Learning Day: Captain Hadacol 🌭

Look, in the sky! It’s a weak child! It’s a lack of appetite! It’s trouble focusing on schoolwork, NO! It’s Captain Hadacol! Captain Hadacol was the official superhero of anemic kids back when we diagnosed most childhood diseases as “god just couldn’t wait to see his favorite angel again.” There was even a promotional comic where Captain Hadacol saved dipshit children from their own hubris, and it was all in support of Hadacol: A supplement drink which treated the symptoms of any illness just long enough for a Hadocol salesman to cross state lines. It was mostly Vitamin B and iron and that’s fine, I take a multivitamin every day that does the exact same thing: Nothing.

Hadacol itself was for everybody and every symptom, but Captain Hadocol was only for the kids. This was the early 1950s, corporations didn’t have to do that “we never marketed it to children” shit. Giant screaming heads would call your child a pansy across a full page comic book spread and the FDA called that practice “medically awesome.”

“Is your kid a picky eater? Hadacol! Does your child suffer from doctor diagnosed Punyism? Hadacol! Trouble in school? Maybe they should buckle down… and finish their Hadacol!” It was the only thing holding Darwinism at bay for an entire post-war generation of wienees.

In his thigh high boots and collared shirt with his rosy cheeks, Captain Hadacol looked like 1951’s Most Bashful Prostitute. He could only be found around children making mistakes. I’d say he’s a walking red flag but he’s mostly blue. In this issue his secret identity is going on an adventure with the Reddie children as their adult best friend and travel companion, a phrase we recognize today as the tragic opening lines of a police report.

After a day of new experiences we shall not discuss, the Reddie children sit around a campfire with Cowboy Ed of Ed’s Dude Ranch. He tells them tall tales about Wild West legends-

And then notices someone else is listening to his whimsical little story.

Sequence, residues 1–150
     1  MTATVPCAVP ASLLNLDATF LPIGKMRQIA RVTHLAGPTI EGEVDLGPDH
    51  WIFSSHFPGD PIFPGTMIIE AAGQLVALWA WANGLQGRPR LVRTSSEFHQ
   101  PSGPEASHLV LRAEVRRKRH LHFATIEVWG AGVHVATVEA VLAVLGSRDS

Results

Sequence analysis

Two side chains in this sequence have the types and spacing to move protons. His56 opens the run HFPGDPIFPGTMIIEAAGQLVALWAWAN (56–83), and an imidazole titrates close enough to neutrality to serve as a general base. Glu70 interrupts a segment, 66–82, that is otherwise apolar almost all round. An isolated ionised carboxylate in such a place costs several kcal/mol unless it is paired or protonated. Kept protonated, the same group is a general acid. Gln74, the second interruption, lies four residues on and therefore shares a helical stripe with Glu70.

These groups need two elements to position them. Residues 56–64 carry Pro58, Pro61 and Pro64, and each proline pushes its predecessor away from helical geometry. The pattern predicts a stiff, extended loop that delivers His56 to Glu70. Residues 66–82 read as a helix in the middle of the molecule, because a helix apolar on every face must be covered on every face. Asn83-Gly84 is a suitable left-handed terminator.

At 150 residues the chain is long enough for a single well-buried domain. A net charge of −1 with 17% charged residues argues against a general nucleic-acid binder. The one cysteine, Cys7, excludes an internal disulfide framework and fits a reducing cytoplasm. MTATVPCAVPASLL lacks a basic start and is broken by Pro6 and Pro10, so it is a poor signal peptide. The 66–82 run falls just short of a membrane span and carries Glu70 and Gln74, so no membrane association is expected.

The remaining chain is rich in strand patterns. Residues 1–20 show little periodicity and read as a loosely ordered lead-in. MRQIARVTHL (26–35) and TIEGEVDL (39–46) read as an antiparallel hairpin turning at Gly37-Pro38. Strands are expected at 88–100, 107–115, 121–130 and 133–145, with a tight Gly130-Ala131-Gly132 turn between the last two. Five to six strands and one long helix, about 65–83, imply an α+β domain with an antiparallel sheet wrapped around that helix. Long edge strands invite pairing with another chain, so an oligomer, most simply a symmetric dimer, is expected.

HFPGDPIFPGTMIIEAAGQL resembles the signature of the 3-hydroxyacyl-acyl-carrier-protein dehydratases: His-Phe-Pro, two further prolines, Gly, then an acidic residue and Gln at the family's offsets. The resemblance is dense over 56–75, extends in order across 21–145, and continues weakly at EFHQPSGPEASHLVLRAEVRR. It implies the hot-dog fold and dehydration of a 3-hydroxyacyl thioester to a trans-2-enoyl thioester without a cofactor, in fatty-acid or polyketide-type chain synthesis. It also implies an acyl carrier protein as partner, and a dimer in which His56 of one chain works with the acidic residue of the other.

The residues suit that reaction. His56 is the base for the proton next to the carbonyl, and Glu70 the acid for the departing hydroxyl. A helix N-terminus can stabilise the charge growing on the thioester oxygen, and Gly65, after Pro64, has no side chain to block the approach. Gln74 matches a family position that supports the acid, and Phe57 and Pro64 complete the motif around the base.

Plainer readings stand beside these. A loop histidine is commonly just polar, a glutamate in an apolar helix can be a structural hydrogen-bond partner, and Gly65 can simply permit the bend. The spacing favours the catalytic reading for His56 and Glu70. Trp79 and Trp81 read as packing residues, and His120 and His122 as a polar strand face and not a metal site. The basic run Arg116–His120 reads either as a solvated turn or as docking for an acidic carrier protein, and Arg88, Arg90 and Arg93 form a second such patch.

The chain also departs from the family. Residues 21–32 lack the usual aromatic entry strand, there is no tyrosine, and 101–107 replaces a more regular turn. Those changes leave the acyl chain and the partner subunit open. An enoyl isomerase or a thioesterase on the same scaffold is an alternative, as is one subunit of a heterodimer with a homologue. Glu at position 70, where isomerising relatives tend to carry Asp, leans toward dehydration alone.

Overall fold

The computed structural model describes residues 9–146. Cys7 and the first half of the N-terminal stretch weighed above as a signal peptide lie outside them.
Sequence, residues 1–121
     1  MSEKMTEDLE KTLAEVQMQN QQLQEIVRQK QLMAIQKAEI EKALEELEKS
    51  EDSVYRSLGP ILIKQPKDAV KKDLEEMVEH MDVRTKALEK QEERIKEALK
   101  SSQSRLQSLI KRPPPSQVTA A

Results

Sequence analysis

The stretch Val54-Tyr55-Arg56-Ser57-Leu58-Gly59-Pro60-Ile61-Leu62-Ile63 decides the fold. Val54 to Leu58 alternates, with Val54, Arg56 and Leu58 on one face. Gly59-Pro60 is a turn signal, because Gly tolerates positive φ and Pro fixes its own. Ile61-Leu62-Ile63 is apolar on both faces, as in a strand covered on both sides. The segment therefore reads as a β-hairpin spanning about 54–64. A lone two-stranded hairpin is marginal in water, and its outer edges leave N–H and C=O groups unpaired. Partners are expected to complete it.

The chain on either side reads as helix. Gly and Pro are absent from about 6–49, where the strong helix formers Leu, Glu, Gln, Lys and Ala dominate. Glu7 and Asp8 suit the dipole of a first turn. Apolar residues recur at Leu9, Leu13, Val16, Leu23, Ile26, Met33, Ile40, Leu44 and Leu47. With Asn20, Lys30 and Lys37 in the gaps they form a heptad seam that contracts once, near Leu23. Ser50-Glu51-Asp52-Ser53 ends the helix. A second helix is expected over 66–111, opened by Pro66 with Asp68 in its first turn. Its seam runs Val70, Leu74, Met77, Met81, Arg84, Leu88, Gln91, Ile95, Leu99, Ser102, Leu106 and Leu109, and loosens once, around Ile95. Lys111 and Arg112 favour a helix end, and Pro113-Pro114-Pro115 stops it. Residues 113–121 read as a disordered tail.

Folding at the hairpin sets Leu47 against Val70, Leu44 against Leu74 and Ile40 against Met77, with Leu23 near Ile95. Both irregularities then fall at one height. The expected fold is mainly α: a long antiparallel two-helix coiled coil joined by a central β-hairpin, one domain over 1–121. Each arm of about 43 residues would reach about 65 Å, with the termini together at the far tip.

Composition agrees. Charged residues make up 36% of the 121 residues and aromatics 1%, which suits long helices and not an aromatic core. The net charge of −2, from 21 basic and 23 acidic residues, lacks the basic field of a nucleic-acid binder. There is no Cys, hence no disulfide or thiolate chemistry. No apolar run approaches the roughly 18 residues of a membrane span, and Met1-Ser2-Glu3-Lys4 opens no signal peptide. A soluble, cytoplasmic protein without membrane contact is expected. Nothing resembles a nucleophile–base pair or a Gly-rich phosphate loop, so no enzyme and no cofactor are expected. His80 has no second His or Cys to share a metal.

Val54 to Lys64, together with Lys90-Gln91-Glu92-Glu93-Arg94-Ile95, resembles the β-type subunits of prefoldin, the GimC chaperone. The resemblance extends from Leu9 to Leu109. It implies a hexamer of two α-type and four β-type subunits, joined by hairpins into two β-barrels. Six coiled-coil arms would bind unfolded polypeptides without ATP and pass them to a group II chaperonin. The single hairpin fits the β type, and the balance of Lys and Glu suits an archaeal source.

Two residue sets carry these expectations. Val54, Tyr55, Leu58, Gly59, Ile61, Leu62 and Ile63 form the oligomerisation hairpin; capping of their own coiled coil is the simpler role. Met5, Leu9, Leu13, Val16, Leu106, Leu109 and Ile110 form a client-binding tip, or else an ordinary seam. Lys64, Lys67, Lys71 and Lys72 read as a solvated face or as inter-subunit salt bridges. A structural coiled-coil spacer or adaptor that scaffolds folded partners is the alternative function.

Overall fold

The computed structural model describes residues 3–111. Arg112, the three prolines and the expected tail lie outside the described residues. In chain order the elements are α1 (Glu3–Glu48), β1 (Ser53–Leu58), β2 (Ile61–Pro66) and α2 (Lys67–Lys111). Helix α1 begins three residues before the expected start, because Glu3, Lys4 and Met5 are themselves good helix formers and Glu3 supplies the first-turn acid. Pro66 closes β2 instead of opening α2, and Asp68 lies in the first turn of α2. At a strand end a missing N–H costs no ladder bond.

HADACOL QUIZ: What do you think Cowboy Ed does about these shy eavesdroppers? Drink your Hadacol and you’re sure to come to the right answer! Does Cowboy Ed…

  1. Invite them to sit by the fire.
  2. Speak louder so they can hear.
  3. Work a timid character into the story so they know it’s alright.
  4. Fire his pistols wildly into the dark, hoping for murder.

Send in two Hadacol box tops for the answer!

“Goldarnit,” Cowboy Ed huffs. “These here tales of fanciful adventure ain’t for yer ears, cowpokes! When you meet Jesus you tell ‘im MMRRFF on account of I shot out yer teeth!”

To counter prospective whimsy thieves, Cowboy Ed hides the map while loudly announcing its location. Then he strangles everyone within earshot with his little neckerchief, as Cowboy Code demands.

Luckily John Wright, adult friend to unattended children, is a light sleeper.

He wakes up just in time to take a Grade 4 Conk. Doctors qualify a Grade 4 Conk as any conk which robs you of your fourth grade education. Here’s how John reacts to a surprise night conking:

He immediately leaves that night-shirted old man to fend for himself while he grumpily grabs a 1950s hangover cure. Just one shot of that Hadacol gives John Wright the unearned confidence of a heterosexual white man in 1951!

There’s a joke to be made about an inadequate man facing some kind of adversity, retreating to a bottle until he thinks he’s a superhero, then coming back and getting suddenly violent.

And yet, I’m not making that joke. Hmm.

Anyway, those no good story-hearin’ bandits got away with the map.

Time for another HADACOL QUIZ: How do you think Captain Hadacol and the Reddie family react to this news? Knock back some Hadacol for quick Quiz Confidence! Do they…

  1. Start blasting.
  2. Contact some kind of super-dog with a racist name.
  3. Fucking quit because this shit is hard.
  4. Drink more Hadacol, the only medical tonic that cures burglary in children!

You assumed this was an “all of the above” joke. No. They just quit. This sucks, and they’re on vacation. “They stole a pretend map based on a campfire story,” Cowboy Ed says, “there’s nothing even on it. I used it to practice drawing titties because this is 1951 and it is crazy hard to masturbate.”

But the Reddie children are not so easily discouraged, and set out after the bandits alone. Their parents don’t notice, because this was 1951 and we kind of let nature figure out which kids would “take.”

Oh but don’t worry – mysterious friend to unattended boys, John Wright, has been watching the children from a bush! I said don’t! Don’t worry about that! Keep not worrying when he decides to shoot some Hadacol and dress up pretty!

The treasure map turns out to be real, and bandits corner these idiot children in a mine because the Reddies’ plan, if they actually found the thieves, was “…”

But what’s this? Captain Hadacol is here!

To make everything catastrophically worse!